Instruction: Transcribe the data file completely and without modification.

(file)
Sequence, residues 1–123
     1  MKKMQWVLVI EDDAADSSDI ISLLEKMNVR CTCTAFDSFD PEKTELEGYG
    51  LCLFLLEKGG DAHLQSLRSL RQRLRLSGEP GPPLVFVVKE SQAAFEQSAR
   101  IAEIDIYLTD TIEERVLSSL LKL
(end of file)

Sequence, residues 1–123
     1  MKKMQWVLVI EDDAADSSDI ISLLEKMNVR CTCTAFDSFD PEKTELEGYG
    51  LCLFLLEKGG DAHLQSLRSL RQRLRLSGEP GPPLVFVVKE SQAAFEQSAR
   101  IAEIDIYLTD TIEERVLSSL LKL